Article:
The Q6600 and Me
Well, I’ve had a couple days with my new system, and as promised, I’ll share my impressions. Overall, I think it is going well, and I’m pretty pleased with what I got. I haven’t ran into anything bad, but I’m pretty sure the machine is sneaking into my bedroom at night to watch me sleep. But that could be my imagination.
Anyway, assembly was nothing. Par for the course. Heck, ripping everything out of the case was probably harder than putting it back. Plus there was the whole air compressor + dusty innards = sneezy me. The only thing I discovered was that my PSU didn’t have a 6 pin graphics card power plug, and I thought it did. Luckily, the card itself came with an adapter. For those of you not up with the times (kinda like me), the LGA 775 socket uses a new retention mechanism: a plate that flips down over the CPU to press it onto the contact points. Remember, these processors no longer have pins like the old days. But it is sorta neat, and it makes a kind of crunchy noise when it locks down. At first, this scared me, till I realized it was just the socket’s pins compressing down as the CPU locked in. The thumbscrews you see around the socket go to my behemoth of a heatsink, the Tuniq Tower 120. I had to order a new backplate because I lost the original (socket 754 boards didn’t need it), but it fit well as you can see, and the screws were tossed on so I wouldn’t lose them.
I’m pretty impressed the the setup of the board cooling too. The P35 northbridge chip while solid, is not high performance, so it doesn’t get real crazy hot, and there’s no need for active cooling on it. But what they did was set up a series of three copper heatsinks joined by heatpipes. So, this makes for decent cooling, with no extra fan noise. And it looks pretty.
The Tuniq Tower is where it’s at. I got this as a review sample some years ago when they were brand new, and I must say, it is withstanding the test of time. It’s still one of the top rated heatsinks you can get at Newegg, and fits pretty much any CPU on the market. The catch is, it’s HUGE. I’ve told people about this, and they just don’t grasp how truly tall this thing is. Don’t get one if you have a tiny case. The picture at the left should give you some idea how big it is. Height on it is over 6″. But let me tell you, it does a heck of a job. I have noticed that even under load, I haven’t had a need to turn up the fan speed above the lowest setting. Eventually I’ll start overclocking the CPU to see just how much I can juice it for with this. My old AMD rig needed to be running with full fan speed full time, and it didn’t have much headroom for any overclocking.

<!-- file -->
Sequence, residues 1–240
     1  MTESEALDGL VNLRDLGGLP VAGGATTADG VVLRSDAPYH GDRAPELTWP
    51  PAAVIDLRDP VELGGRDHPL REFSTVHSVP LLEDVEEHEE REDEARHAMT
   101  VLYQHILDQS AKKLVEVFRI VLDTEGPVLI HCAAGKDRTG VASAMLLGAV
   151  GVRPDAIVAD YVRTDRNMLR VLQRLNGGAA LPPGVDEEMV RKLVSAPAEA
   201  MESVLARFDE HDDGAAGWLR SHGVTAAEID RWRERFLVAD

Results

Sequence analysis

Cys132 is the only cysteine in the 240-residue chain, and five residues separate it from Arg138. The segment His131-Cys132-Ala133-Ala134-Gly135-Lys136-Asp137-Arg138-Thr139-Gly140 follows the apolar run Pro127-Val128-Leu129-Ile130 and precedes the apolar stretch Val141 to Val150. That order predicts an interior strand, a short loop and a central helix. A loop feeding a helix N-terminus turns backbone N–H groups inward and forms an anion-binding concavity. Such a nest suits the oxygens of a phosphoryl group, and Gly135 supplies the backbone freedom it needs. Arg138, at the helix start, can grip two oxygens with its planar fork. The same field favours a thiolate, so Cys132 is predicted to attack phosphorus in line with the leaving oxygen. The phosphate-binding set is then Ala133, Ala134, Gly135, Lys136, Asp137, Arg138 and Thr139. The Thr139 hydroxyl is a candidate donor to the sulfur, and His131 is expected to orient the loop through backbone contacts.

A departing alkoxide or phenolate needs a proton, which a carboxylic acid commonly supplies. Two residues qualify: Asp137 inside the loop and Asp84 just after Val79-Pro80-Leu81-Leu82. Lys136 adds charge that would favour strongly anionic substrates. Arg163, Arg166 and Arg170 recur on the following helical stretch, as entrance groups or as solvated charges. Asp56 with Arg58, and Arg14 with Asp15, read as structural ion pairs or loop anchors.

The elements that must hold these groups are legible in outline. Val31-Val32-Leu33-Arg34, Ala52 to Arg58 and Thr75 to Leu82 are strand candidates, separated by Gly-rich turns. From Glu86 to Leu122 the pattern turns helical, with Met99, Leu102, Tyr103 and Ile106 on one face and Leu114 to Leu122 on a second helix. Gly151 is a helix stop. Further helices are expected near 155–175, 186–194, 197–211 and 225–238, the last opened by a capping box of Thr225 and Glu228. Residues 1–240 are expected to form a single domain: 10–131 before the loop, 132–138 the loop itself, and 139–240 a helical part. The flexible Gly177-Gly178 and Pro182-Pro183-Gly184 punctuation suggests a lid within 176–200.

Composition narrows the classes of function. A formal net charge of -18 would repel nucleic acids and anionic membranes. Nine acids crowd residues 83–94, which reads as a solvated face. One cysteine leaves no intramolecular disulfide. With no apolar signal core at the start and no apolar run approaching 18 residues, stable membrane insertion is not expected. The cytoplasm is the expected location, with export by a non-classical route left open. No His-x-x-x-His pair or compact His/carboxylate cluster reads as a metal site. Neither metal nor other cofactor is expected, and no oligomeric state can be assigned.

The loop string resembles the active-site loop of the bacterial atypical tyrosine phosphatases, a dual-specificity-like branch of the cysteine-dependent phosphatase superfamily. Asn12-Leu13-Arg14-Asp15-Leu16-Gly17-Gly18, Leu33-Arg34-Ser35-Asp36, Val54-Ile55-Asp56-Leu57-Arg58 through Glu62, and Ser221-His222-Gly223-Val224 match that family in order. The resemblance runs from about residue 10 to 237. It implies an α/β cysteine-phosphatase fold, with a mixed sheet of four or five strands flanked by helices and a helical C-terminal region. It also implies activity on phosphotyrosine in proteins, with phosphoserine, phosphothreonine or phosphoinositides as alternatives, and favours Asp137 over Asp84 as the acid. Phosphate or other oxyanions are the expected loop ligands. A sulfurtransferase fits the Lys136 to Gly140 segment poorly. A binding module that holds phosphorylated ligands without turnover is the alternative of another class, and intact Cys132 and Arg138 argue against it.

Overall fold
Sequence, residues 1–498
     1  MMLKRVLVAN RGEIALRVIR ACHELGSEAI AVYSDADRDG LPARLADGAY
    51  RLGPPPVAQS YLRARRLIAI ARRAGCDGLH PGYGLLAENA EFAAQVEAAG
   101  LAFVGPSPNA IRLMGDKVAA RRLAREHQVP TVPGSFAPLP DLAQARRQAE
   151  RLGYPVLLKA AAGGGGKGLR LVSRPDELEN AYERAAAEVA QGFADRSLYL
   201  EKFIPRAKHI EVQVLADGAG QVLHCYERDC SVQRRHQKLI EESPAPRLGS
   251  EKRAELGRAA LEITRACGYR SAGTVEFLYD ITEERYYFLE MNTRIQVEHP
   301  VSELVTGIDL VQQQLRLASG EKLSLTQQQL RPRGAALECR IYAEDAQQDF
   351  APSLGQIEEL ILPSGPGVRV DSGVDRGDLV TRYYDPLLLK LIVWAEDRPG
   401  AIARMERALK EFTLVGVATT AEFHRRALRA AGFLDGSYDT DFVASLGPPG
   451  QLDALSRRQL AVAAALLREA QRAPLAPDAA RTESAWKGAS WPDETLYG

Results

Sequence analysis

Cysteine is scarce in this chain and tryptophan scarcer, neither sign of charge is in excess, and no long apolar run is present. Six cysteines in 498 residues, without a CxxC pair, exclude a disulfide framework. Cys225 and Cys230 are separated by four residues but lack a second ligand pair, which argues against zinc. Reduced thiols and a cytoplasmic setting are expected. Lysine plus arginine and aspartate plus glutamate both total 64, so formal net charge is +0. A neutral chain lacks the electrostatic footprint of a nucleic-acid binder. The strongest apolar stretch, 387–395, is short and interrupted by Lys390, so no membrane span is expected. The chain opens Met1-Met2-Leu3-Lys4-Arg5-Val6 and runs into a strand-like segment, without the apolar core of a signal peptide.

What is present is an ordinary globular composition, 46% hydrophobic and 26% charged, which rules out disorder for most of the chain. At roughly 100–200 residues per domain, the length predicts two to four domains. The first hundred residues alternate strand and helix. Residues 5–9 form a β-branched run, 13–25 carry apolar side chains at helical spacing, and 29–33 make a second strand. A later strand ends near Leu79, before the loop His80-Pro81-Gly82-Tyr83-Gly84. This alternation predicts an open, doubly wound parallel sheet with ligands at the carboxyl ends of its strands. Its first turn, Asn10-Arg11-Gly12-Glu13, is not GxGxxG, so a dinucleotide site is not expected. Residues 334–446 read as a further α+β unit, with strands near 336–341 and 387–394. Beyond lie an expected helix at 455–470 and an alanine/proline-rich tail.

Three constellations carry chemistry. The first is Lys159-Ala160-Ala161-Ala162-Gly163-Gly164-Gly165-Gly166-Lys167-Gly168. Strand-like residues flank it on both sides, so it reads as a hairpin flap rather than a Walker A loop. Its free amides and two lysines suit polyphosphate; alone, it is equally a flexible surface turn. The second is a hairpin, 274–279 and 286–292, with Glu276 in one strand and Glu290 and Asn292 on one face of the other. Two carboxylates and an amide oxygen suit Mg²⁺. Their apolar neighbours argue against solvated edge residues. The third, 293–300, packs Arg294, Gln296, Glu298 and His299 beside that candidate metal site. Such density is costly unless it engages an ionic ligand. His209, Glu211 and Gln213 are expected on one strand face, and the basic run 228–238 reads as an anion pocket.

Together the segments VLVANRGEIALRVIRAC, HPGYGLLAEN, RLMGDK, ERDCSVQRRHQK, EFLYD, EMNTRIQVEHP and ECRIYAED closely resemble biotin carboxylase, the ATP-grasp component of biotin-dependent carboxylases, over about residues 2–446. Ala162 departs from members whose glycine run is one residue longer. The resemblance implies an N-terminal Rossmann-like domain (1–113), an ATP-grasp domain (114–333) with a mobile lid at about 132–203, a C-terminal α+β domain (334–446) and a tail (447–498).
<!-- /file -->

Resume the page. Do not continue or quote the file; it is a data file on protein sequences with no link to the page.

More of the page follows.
Okay, cutting to the chase, I dropped in the RAM, got it set up in dual-channel mode, popped the motherboard tray back into the case, and dropped in the video card and other misc cards. Again, I had no complications, and everything seemed to play nicely. I’d read of some problems with the Neo2 having its SATA ports blocked by long video cards, but I didn’t experience this with the Zotac 8800GT I put it. This might be because it is a single slot design, whereas a lot of cards take up two slots of space with large coolers attached.
Here’s everything dropped in. You can see the footprint of the Tuniq Tower here, and while you can’t so much see it, it comes nearly right up to the side panel because of its height. Cabling is a mess with this PSU though, because it isn’t modular, and they were generous on lengths. Plugged in and turned on, between the video card and the motherboard, it’s quite the light show.
Now, this is where my first scare came. Apparently the Neo2 does a funny thing where it power cycles when it detects BIOS setting changes for hardware. So if you change the bus ratio, like I had to to set my RAM to 1066MHz, when you restart, it will power cycle a couple times, before actually booting. This scared the bejesus out of me the first time, as I thought something was wrong. There’s not, that’s just how it works. Once your settings are done and final, when you start up, it’s normal as anything.
So far I’m just running Windows XP. A storm killed the power halfway through installing Ubuntu on my second partition, and I haven’t gotten back to it yet (and man how I want to play with Compiz with some proper graphics). Boot up times aren’t really anything to write home about. And in all honesty, day to day activities aren’t really dramatically different. I expected it to be a little snappier opening up applications and such, but so far I haven’t felt that.
This slight disappointment is totally offset by the performance. I have been taking some TV shows and converting them to DVDs lately. Previously, a 30 minute episode took about 30 minutes or so to encode and it pretty well pulled the machine down to do it. That normally meant queuing up a bunch of episodes and letting them encode overnight. Now… damn. Four and a half minutes, tops. Some faster than that. The encoding speed is staggering. This is a huge boost to me, as I don’t have to plan any more overnight encoding sessions. Games so far are rocking too. FarCry runs fully cranked up, native resolution, with full anti-aliasing and anisotropic filtering without missing a beat. 3DMark06 gave me better than 12,000 points. I plan on trying out some more robust games soon to see how it holds up against something a bit newer (plus Spore comes out in September!).
Now I’m looking forward to pushing things a bit harder, trying some newer games, and getting Ubuntu running on the machine. So far, so good, and I’d say it was money well spent. The parts like each other, and the results thus far seem to agree.